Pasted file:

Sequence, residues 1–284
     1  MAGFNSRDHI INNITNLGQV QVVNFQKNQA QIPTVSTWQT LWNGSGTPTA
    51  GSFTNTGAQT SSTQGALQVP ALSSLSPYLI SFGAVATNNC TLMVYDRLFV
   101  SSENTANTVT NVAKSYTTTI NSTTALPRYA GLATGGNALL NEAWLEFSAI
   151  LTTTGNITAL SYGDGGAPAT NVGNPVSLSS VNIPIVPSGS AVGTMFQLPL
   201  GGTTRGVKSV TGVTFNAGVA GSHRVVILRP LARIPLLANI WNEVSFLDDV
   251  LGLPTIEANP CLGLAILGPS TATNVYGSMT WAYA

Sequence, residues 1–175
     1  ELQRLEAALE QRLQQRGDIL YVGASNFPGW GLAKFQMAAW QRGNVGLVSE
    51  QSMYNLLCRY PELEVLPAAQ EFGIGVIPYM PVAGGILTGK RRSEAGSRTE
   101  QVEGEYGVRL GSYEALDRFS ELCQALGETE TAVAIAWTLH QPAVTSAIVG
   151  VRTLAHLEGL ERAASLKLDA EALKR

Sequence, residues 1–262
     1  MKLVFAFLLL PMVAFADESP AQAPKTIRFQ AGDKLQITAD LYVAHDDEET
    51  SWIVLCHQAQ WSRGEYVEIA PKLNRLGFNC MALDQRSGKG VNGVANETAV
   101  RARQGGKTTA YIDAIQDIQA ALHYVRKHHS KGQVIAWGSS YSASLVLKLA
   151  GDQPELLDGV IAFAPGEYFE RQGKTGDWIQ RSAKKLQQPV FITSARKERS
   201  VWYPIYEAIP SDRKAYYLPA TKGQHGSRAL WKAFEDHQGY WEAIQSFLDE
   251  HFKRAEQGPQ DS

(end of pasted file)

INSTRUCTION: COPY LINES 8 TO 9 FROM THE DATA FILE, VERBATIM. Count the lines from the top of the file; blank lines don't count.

Sequence, residues 1–175
     1  ELQRLEAALE QRLQQRGDIL YVGASNFPGW GLAKFQMAAW QRGNVGLVSE